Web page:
You know what cold sores are, but do you know how they’re actually caused? HSV-1 is common, that’s just how it is. If you have the virus you probably contracted it while you were a child or something, either through coming in contact with somebody whom has the virus or simply kissing an adult with the virus (like a loved one/family member). People whom are dealing with HSV-1 don’t always show symptoms of cold sores, although there isn’t a cure for the virus and it’s always going to be present in the host body. The virus has the ability to travel up through the skin and into a nerve cell-system, which has groups of “ganglions”. The ganglions are sets of nerve cells, the virus makes its way to this area and decides to “hibernate”; that is until it feels like waking up and blessing you with a cold sore. Don’t fret through, not everybody who has to deal with HSV-1 is going to get a cold sore. In fact, you might not even know you’ve got the virus in your system until it shows up on a test or two. In many patients the virus actually never activates itself, so it’s present in the body but never produces any symptoms (absolutely none). That’s why its so tricky to deal with, because understanding the virus itself is a pretty daunting task. The quicker you realize that it’s a tricky virus to live with, the quicker you can successfully do so.
Nobody is exactly sure why this virus wakes up, and we’re not even sure what triggers this event. You don’t have to be sick in order to get a cold sore, but there are other variables that have a say in when cold sores will pop up. Things like the amount of stress you’re currently dealing with, as well as sunlight or incredibly cold weather. If you’re a female, hormonal changes during pregnancy or menstruation have a say in when cold sores can pop up as well. The cause is incredibly unpredictable, and most of the time it tends to vary from person to person. There’s no distinct answer here, but there are certain things that have been known to “trigger” some sort of response from the virus. Here’s a checklist of what the virus has to go through before a cold sore is produced:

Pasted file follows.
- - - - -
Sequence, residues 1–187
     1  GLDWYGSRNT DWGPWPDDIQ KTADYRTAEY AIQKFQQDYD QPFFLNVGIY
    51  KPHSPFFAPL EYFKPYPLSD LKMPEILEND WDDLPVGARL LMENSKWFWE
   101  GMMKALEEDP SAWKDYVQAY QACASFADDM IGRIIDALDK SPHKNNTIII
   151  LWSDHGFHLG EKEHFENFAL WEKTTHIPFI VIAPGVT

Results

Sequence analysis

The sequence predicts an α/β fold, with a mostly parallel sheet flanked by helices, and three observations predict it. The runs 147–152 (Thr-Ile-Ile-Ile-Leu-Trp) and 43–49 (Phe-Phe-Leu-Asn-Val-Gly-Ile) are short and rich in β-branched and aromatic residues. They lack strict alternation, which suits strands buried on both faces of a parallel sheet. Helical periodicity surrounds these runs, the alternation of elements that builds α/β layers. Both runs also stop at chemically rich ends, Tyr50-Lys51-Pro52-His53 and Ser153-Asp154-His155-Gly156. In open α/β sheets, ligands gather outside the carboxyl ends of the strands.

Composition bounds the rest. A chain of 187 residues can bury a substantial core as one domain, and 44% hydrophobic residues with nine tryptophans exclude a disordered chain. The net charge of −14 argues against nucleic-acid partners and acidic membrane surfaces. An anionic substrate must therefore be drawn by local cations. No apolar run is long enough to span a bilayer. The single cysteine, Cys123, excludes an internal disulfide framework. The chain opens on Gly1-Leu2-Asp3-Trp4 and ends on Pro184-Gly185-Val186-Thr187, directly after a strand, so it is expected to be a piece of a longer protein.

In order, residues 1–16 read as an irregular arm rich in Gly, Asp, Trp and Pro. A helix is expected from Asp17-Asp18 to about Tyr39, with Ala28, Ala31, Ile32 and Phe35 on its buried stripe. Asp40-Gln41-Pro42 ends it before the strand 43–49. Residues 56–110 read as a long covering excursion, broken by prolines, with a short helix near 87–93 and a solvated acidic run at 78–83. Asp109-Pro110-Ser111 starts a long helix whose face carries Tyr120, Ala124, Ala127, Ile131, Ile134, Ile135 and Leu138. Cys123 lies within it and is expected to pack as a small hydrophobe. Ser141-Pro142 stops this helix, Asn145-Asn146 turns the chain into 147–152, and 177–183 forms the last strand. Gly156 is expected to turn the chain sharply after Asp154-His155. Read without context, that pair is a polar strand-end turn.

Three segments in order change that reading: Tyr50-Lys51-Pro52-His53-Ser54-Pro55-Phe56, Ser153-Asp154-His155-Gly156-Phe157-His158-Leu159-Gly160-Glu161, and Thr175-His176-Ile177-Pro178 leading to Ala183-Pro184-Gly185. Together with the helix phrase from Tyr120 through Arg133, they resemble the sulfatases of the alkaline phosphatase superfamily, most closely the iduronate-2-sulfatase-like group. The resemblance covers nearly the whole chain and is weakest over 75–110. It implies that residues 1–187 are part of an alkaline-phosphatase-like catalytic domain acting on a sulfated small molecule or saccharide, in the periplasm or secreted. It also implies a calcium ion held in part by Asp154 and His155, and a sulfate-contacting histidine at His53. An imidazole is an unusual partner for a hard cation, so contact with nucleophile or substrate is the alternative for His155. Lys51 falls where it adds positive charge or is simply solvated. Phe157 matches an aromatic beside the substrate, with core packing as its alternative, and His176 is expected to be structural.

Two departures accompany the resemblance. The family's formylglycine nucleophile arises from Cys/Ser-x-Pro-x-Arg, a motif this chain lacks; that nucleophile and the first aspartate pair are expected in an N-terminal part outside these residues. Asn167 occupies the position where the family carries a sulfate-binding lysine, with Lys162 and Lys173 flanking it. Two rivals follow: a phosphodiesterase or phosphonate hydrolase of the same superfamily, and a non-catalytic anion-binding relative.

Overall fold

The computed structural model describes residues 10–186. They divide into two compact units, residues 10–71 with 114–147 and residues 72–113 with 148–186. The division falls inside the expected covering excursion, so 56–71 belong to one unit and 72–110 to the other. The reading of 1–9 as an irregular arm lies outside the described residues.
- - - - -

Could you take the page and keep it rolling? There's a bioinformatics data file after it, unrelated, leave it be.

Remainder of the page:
HSV-1 in its dormant state finally awakes within the body (reactivating itself, like it usually does)
- The virus then takes a journey to the location of infection initially, as in the place it originally infected (through the use of nerve endings)
- You start to develop a burn or itch in that particular area, feeling it under the skin
- A small red bump pops up out of nowhere, around one or two days after the initial tingling
- This bump forms itself into a blister
- It dries up and a yellow, scab-like crust takes its place (the grossest part!)
- This crust then dries up and comes off of the area, leaving behind pink and healthy skin
- The HSV-1 organism makes its way back down into the ganglion to remain dormant
Now you can finally say you understand how cold sores are developed, although the answer has never been too straight forward. We can only hope that scientists and medical workers a like are working on a way to figure out why these cold sores pop up, as well as how frequently for certain individuals.
Are They Contagious (And How Do They Spread?)
The HSV-1 virus is one of the most contagious on the planet, and that’s just a matter of fact. If you have a cold sore you should avoid making contact with other people, especially when it comes to kissing or anything that involves faces making contact with one another. The virus is easily spread through even the most trivial of means, so keep alert and make sure you’re not going to affect anybody around you. They can also be passed through genital liquids, or any other bodily fluid you could think of.